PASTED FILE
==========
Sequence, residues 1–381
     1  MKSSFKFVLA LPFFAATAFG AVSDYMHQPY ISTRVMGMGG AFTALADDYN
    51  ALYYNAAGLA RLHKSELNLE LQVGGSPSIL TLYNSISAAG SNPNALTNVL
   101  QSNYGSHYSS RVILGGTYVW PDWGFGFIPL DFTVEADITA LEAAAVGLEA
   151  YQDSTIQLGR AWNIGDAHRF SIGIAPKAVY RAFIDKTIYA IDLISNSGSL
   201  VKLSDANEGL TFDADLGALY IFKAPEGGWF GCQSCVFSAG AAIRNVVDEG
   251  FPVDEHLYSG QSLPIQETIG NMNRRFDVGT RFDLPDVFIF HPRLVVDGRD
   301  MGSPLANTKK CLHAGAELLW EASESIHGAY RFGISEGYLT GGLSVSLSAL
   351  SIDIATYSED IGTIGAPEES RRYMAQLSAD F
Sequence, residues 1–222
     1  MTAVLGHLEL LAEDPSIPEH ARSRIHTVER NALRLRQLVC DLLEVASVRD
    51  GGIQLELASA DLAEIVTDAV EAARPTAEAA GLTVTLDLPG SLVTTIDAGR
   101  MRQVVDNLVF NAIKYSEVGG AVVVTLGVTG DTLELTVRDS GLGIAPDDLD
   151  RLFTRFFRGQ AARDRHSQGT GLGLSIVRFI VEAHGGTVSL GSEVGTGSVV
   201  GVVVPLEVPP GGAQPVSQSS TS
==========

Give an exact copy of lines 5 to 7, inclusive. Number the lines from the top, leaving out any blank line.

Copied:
   151  YQDSTIQLGR AWNIGDAHRF SIGIAPKAVY RAFIDKTIYA IDLISNSGSL
   201  VKLSDANEGL TFDADLGALY IFKAPEGGWF GCQSCVFSAG AAIRNVVDEG
   251  FPVDEHLYSG QSLPIQETIG NMNRRFDVGT RFDLPDVFIF HPRLVVDGRD